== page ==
Several days later Conduct military exercises off the coast of California, USS Palau Was at home. The huge aircraft carrier, large enough to transport 25 helicopters, was climbing San Diego Harbor in a jerky clip. Inside the pilothouse on the navigation bridge, two levels above the flight deck – the mood was upbeat. Crew members will soon disembark from the coast and enjoy. The conversation turned out that at night they would go for dinner. Then suddenly the interconnectedness in the ship’s engineer’s voice burst.
“Bridge, Maine control,” he jerked. “I’m losing the pressure of the steam drum. No apparent reason. I’m turning off my throttle. “
A junior officer, working under the supervision of the ship’s navigator, quickly intercepted and acknowledged, “Throttle shooting, aye.” The navigator himself turned to the captain and sat down beside the port of the pilehouse. “Captain, the engineer is losing steam in the boiler for no apparent reason,” he repeated.
Everyone present knew the message was urgent that reducing the vapor pressure meant losing energy throughout the ship. The consequences of this unexpected development soon made them clear. Exactly 40 seconds after the engineer’s report, the steam drum emptied and all the steam-powered systems shut down. A high-pitch alarm sounds for a few seconds; The bridge then calms down for free, with electric motors on radar and other devices coming down and stopping.
However, the reduction in electrical power was not a complete emergency. The lack of steam meant the crew did not have the ability to slow down the ship. The ship was moving too fast to land the anchor. The only way to reduce its speed was to run the ship’s opposite verse must have been driven by steam. After all, the reduction in steam hampered the crew’s ability to sail, another consequence of which soon became painfully clear. Looking anxiously at the ship’s bow, the navigator tells Helsman to turn the rod ten degrees to the right. Helsman spun the wheel, but to no avail.
“Sir, I don’t have a helmet, sir!” She was surprised.
The summit had a manual backup system: two men were sweating in a bogie on the ship’s strain and could use all their strength to move an unmanned rod even an inch. The navigator, still looking at the bow, whispered, “Come on, shame on you, swing!” However, the 1,000,000-tonne ship sailed to the crowded San Diego Harbor and is now far from its main route.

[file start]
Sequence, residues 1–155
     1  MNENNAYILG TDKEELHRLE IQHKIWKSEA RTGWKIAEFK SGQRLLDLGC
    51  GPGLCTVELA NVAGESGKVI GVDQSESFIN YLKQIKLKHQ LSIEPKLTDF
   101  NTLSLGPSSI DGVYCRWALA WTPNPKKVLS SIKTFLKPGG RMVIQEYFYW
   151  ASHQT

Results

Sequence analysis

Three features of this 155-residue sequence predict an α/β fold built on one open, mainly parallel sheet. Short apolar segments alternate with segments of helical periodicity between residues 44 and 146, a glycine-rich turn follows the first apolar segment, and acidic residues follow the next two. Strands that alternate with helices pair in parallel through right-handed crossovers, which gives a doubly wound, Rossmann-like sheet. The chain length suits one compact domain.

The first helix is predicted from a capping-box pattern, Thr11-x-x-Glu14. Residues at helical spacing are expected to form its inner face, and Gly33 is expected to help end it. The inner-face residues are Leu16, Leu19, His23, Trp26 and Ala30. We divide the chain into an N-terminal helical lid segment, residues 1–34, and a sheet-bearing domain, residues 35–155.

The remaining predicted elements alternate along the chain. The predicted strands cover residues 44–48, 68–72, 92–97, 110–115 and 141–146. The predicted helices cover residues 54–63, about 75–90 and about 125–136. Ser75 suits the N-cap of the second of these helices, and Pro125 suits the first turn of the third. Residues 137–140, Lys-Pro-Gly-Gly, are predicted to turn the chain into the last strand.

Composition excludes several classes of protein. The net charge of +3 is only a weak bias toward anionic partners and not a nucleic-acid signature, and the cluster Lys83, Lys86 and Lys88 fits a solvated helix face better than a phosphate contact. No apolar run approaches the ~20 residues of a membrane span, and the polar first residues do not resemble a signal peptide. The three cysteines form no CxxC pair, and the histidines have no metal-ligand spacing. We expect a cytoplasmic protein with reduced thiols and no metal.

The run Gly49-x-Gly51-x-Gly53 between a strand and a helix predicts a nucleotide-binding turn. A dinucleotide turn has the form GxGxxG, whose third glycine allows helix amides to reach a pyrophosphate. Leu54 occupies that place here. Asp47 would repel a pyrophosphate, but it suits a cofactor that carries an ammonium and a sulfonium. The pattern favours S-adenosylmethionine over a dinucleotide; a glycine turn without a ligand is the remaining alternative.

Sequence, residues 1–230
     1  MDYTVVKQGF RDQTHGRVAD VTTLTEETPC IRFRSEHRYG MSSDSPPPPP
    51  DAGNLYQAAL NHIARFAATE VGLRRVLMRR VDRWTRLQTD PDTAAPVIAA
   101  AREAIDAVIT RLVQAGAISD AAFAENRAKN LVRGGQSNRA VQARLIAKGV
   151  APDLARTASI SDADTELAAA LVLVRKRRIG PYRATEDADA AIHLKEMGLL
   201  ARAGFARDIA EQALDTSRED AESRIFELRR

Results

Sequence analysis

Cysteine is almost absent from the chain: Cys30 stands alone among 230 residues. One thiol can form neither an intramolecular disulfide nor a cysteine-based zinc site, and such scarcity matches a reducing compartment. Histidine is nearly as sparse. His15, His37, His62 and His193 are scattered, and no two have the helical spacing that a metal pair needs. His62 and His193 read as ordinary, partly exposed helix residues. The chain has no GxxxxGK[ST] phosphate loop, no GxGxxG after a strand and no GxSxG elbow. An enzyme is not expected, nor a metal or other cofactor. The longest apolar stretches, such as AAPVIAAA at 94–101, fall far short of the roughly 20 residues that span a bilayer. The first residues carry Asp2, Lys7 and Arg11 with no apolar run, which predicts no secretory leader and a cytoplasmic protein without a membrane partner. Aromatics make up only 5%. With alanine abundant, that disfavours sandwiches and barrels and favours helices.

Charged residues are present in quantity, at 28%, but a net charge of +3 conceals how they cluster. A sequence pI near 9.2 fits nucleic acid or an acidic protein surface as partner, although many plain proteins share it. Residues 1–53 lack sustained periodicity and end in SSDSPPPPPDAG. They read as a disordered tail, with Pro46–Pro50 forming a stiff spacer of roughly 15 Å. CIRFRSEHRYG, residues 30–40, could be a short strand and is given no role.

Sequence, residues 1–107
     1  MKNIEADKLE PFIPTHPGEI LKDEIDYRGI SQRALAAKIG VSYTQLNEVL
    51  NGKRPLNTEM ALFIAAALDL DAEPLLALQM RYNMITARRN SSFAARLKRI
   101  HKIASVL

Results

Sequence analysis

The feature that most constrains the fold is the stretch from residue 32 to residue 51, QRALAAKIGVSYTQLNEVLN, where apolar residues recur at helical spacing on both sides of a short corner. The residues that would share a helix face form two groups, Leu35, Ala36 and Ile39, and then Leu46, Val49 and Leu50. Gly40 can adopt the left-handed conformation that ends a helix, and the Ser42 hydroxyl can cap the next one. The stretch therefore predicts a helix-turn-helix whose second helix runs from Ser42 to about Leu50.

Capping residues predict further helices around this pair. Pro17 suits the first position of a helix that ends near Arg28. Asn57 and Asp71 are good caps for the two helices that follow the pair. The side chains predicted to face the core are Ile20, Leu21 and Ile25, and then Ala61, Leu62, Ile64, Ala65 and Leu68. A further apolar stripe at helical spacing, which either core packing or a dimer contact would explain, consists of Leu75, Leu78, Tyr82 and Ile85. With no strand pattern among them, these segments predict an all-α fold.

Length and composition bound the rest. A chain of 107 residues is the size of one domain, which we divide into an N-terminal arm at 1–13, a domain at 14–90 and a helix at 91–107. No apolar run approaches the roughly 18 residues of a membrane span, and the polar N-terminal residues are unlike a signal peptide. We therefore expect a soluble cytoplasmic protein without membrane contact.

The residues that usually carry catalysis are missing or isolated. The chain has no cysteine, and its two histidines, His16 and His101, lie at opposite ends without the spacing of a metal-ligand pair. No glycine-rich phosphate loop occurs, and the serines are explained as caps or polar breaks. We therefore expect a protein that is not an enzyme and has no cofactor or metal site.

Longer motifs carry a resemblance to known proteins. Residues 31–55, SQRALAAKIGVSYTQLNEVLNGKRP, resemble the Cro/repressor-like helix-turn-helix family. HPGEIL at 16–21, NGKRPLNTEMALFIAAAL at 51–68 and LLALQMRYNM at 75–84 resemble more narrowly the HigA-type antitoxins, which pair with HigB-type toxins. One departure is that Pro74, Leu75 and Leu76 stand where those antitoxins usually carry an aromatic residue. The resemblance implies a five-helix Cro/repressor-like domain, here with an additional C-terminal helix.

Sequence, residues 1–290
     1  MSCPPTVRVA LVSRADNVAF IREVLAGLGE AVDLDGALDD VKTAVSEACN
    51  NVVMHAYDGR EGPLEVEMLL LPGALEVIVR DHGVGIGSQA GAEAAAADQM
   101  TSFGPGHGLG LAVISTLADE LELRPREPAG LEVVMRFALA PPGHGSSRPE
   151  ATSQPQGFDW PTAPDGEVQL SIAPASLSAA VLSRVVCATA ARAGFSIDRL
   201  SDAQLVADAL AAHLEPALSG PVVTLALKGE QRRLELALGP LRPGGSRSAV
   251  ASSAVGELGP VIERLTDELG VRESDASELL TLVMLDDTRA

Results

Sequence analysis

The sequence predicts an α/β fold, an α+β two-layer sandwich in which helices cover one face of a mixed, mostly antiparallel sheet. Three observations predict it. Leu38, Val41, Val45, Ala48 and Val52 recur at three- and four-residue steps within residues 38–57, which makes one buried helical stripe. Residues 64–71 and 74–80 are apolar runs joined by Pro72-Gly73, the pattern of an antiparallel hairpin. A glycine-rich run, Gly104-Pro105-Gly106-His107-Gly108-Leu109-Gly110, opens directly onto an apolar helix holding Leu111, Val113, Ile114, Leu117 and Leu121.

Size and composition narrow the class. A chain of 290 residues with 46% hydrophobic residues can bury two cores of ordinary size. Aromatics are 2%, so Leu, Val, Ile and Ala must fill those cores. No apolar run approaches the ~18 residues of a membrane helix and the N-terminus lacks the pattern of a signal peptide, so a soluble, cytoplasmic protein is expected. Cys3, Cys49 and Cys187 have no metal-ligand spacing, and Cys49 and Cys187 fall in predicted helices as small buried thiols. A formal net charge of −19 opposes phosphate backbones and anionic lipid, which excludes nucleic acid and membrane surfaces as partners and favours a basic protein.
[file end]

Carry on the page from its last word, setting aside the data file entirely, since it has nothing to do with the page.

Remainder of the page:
Edwin Hutchins was published in 1964 on that day. Hutchins was a psychologist employed by the Naval Personal Research and Development Center in San Diego. He climbed Run away Conducting studies, taking notes and tape-recording conversations on cognitive claims related to the ship as an observer. A crisis in Kruti’s lingo – a “casualty” – caused the ship to capsize, and Hutchins was on board.
From his corner of the pilehouse, Hutchins looked at the crew leader. The captain, he mentioned, was acting calm, as if these were all routine. In fact, Hutchins knew, “the situation was something out of the ordinary”: “The occasional crackling sound, a changed curse, the removal of a jacket revealing a sweat-soaked shirt this cold spring afternoon, told the real story: Run away Was not fully under control, and career and possibly lives were at risk. “
Hutchins was on the ship Ship to study an event He Call it “socially distributed knowledge” or the way people think from the minds of others. In this Books It has grown from his experience Run away, Wisdom in the wild, He writes that his goal was to “take the boundaries of the cognitive unit of analysis beyond the skin of the individual and to consider the navigation team as a cognitive and computational system.” Such systems, Hutchins added, “may have their own interesting cognitive properties.” Faced with a situation that no single mind can solve, socially distributed knowledge Run awayIts crew is going to be tested.